In the clearest sign yet of Duterte’s rejection of long-standing USA-Philippine relations, the president has said he hopes Russia will become his country’s new ally and protector.
His remarks came as he toured one of the two Russian warships currently moored in Manila harbour today (Friday, January 6).
Yesterday, the Russian ambassador said the Kremlin was ready to supply the Philippines with sophisticated weapons, and aims to become its close friend.
At the same press conference, Igor Khovaev warned the Philippines’ “traditional partners” not to interfere with the growing friendship between Moscow and Manila. He said: “We will not tolerate any attempt of any third country to interfere in the relations of our two sovereign states, the Philippines and Russia.
“We don’t interfere into your relations with your traditional partners, and your traditional partners should respect the interests of the Philippines and Russia,” he said.
He also chastised local media for not giving the naval visit the attention he believed it deserved. (See our report here).
President Duterte appeared in particularly high spirits during the visit to the warship, at one point looking out from the deck and repeatedly pumping his fist in the air.
“We welcome our Russian friends. Any time you want to dock here for anything, for play, for replenish supplies or maybe our ally to protect us,” said Duterte while shaking the hands of Rear Admiral Eduard Mikhailov, head of the flotilla of the Russian Navy Pacific Fleet.
“Friends, long live!” He added: “That’s from the heart; I hope you can come back more often.”
The Russian ‘goodwill visit’ (see our report here) comes in the light of Duterte’s frequent threats to downgrade or even end military and diplomatic ties with Washington, as well as his frequent angry outbursts aimed at America. He has put on hold a number of annual war games traditionally held with the USA, and has said he wants American troops out of his country.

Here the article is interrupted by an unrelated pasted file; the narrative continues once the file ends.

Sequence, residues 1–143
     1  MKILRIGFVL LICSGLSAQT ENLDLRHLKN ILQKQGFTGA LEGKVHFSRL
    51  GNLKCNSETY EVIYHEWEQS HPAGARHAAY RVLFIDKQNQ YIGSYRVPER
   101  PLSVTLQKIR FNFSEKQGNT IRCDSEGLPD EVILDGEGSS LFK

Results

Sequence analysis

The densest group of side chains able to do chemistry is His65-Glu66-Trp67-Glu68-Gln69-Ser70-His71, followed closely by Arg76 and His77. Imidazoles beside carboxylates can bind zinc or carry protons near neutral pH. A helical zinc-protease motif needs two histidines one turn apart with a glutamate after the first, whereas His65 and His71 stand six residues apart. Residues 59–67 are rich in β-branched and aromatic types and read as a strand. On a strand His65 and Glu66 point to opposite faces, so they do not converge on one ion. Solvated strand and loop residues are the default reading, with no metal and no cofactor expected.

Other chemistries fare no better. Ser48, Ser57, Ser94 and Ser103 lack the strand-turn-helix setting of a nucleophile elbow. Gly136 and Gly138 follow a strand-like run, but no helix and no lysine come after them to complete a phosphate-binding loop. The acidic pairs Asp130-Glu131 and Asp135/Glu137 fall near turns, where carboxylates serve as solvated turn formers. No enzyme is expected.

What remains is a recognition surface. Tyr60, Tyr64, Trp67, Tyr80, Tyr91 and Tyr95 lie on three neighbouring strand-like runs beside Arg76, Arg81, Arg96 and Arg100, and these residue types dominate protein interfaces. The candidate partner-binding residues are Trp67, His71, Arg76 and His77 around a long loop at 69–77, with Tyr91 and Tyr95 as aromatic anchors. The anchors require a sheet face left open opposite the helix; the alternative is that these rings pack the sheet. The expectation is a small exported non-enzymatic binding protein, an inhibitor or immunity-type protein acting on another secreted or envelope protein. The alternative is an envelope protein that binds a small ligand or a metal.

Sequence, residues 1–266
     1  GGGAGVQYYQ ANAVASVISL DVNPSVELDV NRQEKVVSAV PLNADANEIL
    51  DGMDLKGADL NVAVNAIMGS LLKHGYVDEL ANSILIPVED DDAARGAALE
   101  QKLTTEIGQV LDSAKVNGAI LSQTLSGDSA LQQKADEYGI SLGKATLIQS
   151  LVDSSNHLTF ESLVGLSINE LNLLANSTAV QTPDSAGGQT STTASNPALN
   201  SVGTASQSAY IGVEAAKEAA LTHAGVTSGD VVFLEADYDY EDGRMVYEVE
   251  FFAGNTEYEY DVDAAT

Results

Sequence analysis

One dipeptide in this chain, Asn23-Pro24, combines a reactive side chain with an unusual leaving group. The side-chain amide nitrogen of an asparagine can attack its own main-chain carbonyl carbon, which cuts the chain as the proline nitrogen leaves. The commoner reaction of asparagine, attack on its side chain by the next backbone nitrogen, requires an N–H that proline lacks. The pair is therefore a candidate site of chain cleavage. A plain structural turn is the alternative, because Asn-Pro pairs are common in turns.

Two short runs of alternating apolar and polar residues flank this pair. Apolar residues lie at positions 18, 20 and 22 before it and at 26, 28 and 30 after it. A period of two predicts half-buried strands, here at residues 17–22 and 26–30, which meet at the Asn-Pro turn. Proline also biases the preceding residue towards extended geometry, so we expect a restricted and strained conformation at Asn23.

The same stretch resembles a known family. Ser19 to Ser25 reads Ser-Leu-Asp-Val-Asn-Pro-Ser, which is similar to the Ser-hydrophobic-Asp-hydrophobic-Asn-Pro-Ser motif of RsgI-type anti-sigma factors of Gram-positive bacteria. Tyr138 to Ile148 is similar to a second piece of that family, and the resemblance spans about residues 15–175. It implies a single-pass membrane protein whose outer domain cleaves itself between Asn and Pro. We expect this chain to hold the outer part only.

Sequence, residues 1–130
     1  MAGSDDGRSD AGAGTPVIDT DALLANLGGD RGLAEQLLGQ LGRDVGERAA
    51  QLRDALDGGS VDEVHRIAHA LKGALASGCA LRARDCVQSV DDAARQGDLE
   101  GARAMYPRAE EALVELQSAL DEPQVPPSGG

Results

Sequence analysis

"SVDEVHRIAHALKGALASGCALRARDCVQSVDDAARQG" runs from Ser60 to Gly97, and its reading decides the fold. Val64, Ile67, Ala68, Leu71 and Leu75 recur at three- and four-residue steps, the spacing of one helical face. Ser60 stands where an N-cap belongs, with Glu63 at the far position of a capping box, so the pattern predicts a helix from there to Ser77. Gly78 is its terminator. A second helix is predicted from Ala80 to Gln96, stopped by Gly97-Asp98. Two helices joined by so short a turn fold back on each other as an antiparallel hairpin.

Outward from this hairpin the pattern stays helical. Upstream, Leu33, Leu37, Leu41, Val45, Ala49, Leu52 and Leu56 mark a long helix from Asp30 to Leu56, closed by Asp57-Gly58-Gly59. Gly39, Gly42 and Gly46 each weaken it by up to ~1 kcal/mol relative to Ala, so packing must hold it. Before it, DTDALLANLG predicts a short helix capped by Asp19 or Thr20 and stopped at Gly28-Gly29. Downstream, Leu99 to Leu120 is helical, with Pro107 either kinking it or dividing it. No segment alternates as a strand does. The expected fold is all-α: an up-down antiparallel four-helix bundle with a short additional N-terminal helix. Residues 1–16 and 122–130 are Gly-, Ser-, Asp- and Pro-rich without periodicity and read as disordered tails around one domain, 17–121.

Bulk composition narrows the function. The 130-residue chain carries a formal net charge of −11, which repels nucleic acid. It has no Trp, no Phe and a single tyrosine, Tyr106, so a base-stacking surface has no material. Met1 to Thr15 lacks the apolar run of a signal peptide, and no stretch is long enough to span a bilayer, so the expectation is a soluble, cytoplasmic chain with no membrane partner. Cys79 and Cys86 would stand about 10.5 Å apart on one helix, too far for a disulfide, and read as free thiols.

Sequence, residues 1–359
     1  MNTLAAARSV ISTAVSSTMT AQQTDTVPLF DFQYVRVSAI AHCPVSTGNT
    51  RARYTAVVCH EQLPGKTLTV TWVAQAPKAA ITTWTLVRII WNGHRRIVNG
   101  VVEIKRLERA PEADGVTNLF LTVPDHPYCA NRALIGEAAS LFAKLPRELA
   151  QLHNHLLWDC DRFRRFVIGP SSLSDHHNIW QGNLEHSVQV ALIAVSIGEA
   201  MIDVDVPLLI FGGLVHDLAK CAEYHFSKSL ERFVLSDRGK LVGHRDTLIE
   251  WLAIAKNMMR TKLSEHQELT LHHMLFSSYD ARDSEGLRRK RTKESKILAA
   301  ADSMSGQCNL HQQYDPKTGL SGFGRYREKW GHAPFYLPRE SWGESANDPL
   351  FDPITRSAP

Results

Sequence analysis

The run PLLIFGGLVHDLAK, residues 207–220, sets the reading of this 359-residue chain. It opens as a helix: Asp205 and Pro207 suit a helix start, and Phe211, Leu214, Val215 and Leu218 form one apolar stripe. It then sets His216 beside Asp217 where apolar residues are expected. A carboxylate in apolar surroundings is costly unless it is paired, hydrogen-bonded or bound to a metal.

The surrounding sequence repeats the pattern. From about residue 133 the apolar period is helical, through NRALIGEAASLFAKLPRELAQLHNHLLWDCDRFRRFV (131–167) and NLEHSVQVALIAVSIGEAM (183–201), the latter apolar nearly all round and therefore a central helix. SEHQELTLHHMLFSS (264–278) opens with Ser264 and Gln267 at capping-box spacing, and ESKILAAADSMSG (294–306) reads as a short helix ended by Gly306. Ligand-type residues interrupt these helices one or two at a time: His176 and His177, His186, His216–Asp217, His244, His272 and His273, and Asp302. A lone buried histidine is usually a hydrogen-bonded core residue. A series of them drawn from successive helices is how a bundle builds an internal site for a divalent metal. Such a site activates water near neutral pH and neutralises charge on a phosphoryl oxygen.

The president has also sought to shift his nation’s foreign and military alliances towards China and Russia, with an official visit to Moscow planned for April.
Speaking during a visit to Beijing in October, he said: “America has lost. I’ve realigned myself in your [Chinese] ideological flow and maybe I will also go to Russia to talk to [President Vladimir] Putin and tell him that there are three of us against the world: China, Philippines and Russia. It’s the only way.”
This week’s visit by the Admiral Tributs, an anti-submarine vessel, and sea tanker Boris Butoma, represents the first official navy-to-navy contact between the two countries.
Last month, Duterte sent his foreign and defence ministers to Moscow to discuss arms deals after a US senator threatened to block the sale of 26,000 assault rifles to the Philippines, due to concern over the death toll of Duterte’s war on drugs.
Shortly after arriving in Manila on Tuesday, Rear Admiral Mikhailov said that Russia wanted to hold maritime exercises with the Philippines to help combat terrorism and piracy, particularly in the country’s southern waters where Abu Sayyaf operate.
The Russian visit has also been marked by a bizarre display of “skills” by marines in Rizal park. The camouflage-clad personnel smashed bottles over each other’s heads, hit one another with burning planks of wood and had flaming cinder blocks smashed on their stomachs.